Working around that is probably impossible using standard or even GNU utilities, you'd need to write it in a proper programming language, doing some safe directory traversal and using renameat() system calls.

All the solutions above will also fail if the directory tree is deep enough that the limit on the length of the paths given to the rename() system call done by mv is reached (causing rename() to fail with ENAMETOOLONG). A solution using renameat() would also work around the problem.

  • A highly complex solution that could be avoided if my proposal based on switching off globbing was used.
    – schily
    Commented Feb 14, 2016 at 12:12
  • 1
    @schily, set -f is irrelevant here. There's no shell globbing in the OP's question. The problem here is the fnmatching performed by find -name when we would like it to do a byte-to-byte comparison, and set -f won't affect find's behaviour. Commented Feb 14, 2016 at 12:17
  • Did you read the text from the OP? He mentions that there is no problem with escaping the -name argument but that there are problems with processing the find results using the shell.
    – schily
    Commented Feb 14, 2016 at 12:38
  • 1
    @schily: You're confused. What OP ask is escaping the filenames when using with find's -name parameter. The problem is the using of -name "$(basename "{}" .xml)" inside inline-script. There, basename return something like [ foo ], which contains pattern matching special characters, which the OP want to escape. There's nothing to do with shell globbing.
    – cuonglm
    Commented Feb 14, 2016 at 16:32
  • So you confirm that I am not confused and the OP has problems with the shell part that could be fixed via set -f.
    – schily
    Commented Feb 14, 2016 at 21:56

When you use inline script with find ... -exec sh -c ..., you should pass find result to the shell through positional parameter, then you don't have to use {} everywhere in your inline script.

If you have bash or zsh, you can pass basename output through printf '%q':

find . -name "*.xml" -exec bash -c '
  for f do
    BASENAME="$(printf "%q" "$(basename -- "$f" .xml)")"
    DST=$(find . -type d -name "$BASENAME" -print -quit)
    [ -d "$DST" ] && mv -v -- "$f" "$DST/"
' bash {} +

With bash, you can use printf -v BASENAME, and this approach won't work properly if file name contains control characters or non-ascii characters.

If you want it to work properly, you need to write a shell function to escape only [, *, ? and backslash.

  • 1
    printf '%q' will not escape all characters in the proper way for find's -name. Like for control characters or some non-ascii characters. Commented Feb 13, 2016 at 17:00
  • @StéphaneChazelas: Why do we need to escape other characters? I think [, * and ? are enough.
    – cuonglm
    Commented Feb 13, 2016 at 17:08
  • printf '%q' is a ksh93 enhancement that is not part of POSIX. It will not work in portable scripts. set -f (see my answer) is portable.
    – schily
    Commented Feb 13, 2016 at 17:27
  • @schily: Yes, I mention only bash and zsh there, printf '%q' in ksh93 won't work in this case. How can you make find aware about set -f?
    – cuonglm
    Commented Feb 13, 2016 at 17:31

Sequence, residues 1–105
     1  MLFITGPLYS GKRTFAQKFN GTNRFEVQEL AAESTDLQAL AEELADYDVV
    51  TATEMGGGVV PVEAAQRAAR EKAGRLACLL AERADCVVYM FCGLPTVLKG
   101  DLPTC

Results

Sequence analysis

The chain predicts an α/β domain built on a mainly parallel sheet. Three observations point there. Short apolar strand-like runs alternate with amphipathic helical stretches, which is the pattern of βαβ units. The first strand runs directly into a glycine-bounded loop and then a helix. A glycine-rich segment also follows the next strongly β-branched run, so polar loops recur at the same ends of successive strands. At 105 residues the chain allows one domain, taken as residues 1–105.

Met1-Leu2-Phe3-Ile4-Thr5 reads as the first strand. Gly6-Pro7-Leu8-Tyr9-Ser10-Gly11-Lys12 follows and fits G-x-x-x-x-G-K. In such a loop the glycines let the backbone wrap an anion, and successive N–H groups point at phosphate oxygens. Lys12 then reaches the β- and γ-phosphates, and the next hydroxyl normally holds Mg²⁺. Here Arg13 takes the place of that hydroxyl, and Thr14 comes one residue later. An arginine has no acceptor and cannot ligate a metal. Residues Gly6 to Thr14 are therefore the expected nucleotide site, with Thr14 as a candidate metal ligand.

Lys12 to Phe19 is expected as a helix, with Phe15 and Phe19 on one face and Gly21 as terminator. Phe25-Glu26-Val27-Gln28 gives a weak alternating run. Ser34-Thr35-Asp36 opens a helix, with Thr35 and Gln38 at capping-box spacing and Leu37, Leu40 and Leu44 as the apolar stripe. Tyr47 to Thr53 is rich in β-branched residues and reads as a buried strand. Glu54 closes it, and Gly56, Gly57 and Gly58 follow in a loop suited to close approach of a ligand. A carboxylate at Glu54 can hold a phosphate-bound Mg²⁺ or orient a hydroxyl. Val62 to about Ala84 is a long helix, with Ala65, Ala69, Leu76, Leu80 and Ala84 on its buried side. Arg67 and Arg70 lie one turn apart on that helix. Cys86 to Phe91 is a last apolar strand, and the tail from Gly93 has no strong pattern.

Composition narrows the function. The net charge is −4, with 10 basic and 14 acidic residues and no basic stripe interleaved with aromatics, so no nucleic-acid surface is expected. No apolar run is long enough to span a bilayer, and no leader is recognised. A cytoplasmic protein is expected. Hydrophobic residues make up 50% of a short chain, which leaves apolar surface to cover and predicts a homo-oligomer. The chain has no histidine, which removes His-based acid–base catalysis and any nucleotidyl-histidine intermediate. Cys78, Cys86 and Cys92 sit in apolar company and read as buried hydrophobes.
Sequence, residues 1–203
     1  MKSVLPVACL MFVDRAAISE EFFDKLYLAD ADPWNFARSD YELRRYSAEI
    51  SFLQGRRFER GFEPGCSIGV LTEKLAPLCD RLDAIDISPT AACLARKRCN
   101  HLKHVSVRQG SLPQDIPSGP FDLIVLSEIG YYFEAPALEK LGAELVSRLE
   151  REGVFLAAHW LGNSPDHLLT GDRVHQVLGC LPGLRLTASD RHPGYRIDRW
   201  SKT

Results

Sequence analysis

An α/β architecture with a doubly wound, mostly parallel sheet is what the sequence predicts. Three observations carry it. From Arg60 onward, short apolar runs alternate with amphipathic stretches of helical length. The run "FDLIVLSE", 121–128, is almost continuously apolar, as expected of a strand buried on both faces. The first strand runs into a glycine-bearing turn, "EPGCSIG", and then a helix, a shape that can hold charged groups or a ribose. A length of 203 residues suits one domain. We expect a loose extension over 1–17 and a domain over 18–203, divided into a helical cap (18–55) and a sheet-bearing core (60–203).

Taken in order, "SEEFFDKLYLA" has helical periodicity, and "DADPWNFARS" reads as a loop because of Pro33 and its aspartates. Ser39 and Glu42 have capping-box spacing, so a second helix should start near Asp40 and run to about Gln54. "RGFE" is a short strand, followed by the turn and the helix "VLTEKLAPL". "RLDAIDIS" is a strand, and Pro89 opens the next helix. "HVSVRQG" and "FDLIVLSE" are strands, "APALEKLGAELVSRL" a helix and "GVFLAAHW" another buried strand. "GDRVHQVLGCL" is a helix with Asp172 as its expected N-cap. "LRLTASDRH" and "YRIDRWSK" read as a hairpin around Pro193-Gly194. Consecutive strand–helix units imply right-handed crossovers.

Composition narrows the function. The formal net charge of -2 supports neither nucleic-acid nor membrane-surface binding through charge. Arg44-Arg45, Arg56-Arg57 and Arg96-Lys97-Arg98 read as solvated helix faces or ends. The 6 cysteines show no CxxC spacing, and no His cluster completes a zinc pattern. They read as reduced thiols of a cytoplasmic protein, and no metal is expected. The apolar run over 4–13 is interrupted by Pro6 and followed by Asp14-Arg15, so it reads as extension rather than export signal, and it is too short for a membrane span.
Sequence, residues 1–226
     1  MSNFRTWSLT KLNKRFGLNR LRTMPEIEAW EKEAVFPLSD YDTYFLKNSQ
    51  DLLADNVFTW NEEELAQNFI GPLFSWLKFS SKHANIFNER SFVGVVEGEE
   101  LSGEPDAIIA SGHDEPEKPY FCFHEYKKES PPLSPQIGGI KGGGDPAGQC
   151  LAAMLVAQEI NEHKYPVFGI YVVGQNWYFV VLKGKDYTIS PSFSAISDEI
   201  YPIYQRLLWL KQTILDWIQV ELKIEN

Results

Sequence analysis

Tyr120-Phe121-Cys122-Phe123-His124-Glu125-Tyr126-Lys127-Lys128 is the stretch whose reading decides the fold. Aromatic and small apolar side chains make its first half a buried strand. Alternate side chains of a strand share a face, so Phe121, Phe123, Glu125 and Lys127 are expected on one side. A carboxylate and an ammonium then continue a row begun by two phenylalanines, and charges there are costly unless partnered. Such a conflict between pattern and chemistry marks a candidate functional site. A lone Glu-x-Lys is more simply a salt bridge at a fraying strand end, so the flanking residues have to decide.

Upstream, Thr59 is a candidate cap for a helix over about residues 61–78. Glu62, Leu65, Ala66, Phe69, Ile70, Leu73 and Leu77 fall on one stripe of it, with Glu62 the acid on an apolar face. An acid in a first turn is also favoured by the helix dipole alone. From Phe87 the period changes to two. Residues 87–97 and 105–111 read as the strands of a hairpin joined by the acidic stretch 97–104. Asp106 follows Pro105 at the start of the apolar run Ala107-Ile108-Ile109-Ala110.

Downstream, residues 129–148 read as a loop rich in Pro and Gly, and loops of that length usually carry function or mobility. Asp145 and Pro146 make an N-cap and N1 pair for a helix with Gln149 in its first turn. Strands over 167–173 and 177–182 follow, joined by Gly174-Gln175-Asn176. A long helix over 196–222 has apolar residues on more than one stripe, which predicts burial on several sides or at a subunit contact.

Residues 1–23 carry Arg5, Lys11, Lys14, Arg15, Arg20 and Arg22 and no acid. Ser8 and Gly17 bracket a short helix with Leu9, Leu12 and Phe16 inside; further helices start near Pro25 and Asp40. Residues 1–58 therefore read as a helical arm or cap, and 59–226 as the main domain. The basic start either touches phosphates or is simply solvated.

• 1
    Yes, that's the problem, you only want to escape [, * and ? while printf %q will escape others, like it will change a newline character to $'\n' which for find -name is $'n'. Commented Feb 13, 2016 at 17:36

The good news:

find . -name '[ foo ].xml'

is not interpreted by the shell, it is passed this way to the find program. Find however interprets the argument to -name as a glob pattern and this needs to be taken into account.

If you like to call find -exec \; or better find -exec +, there is no shell involved.

If you like to process the find output by the shell, I recommend just to disable file name globbing in the shell by calling set -f before the code in question and switch it on again by calling set +f later.

  • 1
    set -f doesn't make any difference as find still can't find the file (set -f; find . -name '[ foo ].xml') if I understood the answer correctly.
    – kenorb
    Commented Feb 13, 2016 at 18:01
  • Well I mentioned that you should use set -f for shell commands that process the filenames. This is not the find command as find just produces the filenames.
    – schily
    Commented Feb 13, 2016 at 18:59
  • I think you're missing the point of the question here. The OP is calling find within find with the argument to the -name of the second find being provided by the first find and transformed by a shell. Commented Feb 13, 2016 at 22:19
  • The OP is calling the shell with the names found by find and if the OP did use set -f as the first instruction in these shell commands, there would be no globbing and thus no resulting problems.
    – schily
    Commented Feb 14, 2016 at 12:06
  • @schily, you're being confused, there's no shell globbing here. Commented Feb 14, 2016 at 12:18

The following is a relatively straightforward, POSIX-compliant pipeline. It scans the hierarchy twice, first for directories and then for *.xml regular files. A blank line between scans signals AWK of the transition.

The AWK component maps basenames to destination directories (if there are multiple directories with the same basename, only the first traversal is remembered). For each *.xml file, it prints a tab-delimited line with two fields: 1) the file's path and 2) its corresponding destination directory.

    find . -type d
    find . -type f -name \*.xml
} |
awk -F/ '
    !NF { ++i; next }
    !i && !($NF".xml" in d) { d[$NF".xml"] = $0 }
    i { print $0 "\t" d[$NF] }
' |
while IFS='     ' read -r f d; do
    mv -- "$f" "$d"

The value assigned to IFS just before the read is a literal tab character, not a space.

Here's a transcript using the original question's touch/mkdir skeleton:

$ touch foo.xml bar.xml "[ foo ].xml" "( bar ).xml"
$ mkdir -p foo bar "foo/[ foo ]" "bar/( bar )"
$ find .
./foo/[ foo ]
./bar/( bar )
./[ foo ].xml
./( bar ).xml
$ ../mv-xml.sh
$ find .
./foo/[ foo ]
./foo/[ foo ]/[ foo ].xml
./bar/( bar )
./bar/( bar )/( bar ).xml
  • Nice, but it still doesn't allow arbitrary file names as it won't work if file paths contain TAB or newline characters (and potentially some other pathological cases as mentioned in my answer). Commented Feb 14, 2016 at 22:48